A neighbor encouraged me to become an elementary special education teacher because I was good with kids. I loved my students but came home exhausted each day.

My mom had discovered audiobooks, now that she was an empty nester, and peppered our phone conversations with details of her reading.

Inspired, I recovered from teaching each afternoon by reading authors like Margaret Atwood, Anne Tyler, and Milan Kundera before I turned on the TV.

Within a few months of regular reading I was itching to write. I still wrestled with the fear that I was “showing off,” but my urge to write was so strong I finally defied those nasty whispers inside my head and wrote my first story when I was 27 years old.

Rules for Recovering TV Addicts

When I was pregnant with my first child, I read The Read-Aloud Handbook by Jim Trelease (Penguin Books, 2013) and vowed my children would grow up in a home of books and writing. I slowly weaned myself off constant TV watching by making a series of rules:

  • I can’t watch TV until 8 p.m. 
  • I can only watch pre-recorded shows. 
  • I can only watch one hour of TV a day.

These rules not only gave me time to read and write, they made me a story critic. I began to analyze the stories that won my coveted one-hour slot. What captured my attention? The characters? The dialog? The plot?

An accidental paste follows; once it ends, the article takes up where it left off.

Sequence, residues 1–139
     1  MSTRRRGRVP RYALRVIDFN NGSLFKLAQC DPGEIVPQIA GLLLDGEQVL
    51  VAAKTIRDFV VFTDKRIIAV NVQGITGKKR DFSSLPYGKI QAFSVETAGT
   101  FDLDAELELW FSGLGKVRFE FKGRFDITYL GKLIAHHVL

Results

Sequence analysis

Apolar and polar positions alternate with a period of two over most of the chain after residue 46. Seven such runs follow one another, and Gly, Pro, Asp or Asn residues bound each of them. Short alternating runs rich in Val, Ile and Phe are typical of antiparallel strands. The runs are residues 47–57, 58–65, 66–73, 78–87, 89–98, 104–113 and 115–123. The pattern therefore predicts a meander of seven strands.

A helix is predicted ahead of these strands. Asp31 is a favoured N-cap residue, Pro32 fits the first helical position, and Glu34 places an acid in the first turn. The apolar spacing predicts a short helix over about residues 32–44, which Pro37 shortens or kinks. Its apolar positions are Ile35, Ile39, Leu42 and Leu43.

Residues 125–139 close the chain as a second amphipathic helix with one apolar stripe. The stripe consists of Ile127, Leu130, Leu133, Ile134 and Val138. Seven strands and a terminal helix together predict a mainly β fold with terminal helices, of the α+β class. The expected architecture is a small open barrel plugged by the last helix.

A Woman’s Place Is in the Study

Tragically, my mom was diagnosed with Alzheimer’s disease when she was only 52 years old and died in 2012 when she was just 69. As I grieved for my mom’s shortchanged future, I thought about the lessons I was teaching my two kids.

Writing wasn’t just for me; it showed my kids that women have dreams, too. I took writing classes and joined several critique groups. As my kids grew up, I carved out more time to write and encouraged my children to write their own stories.

My writing wasn’t showing off, it was modeling good habits.

Techniques of the Selling Writer

While my stubborn streak pushed me to finish a draft of a middle grade novel, my next obstacle was learning to write well. The feedback I received from my critique group was politely positive, but I began to suspect they were holding back their criticism. I didn’t push for more honest feedback because I was afraid they’d tell me I’d never be a writer.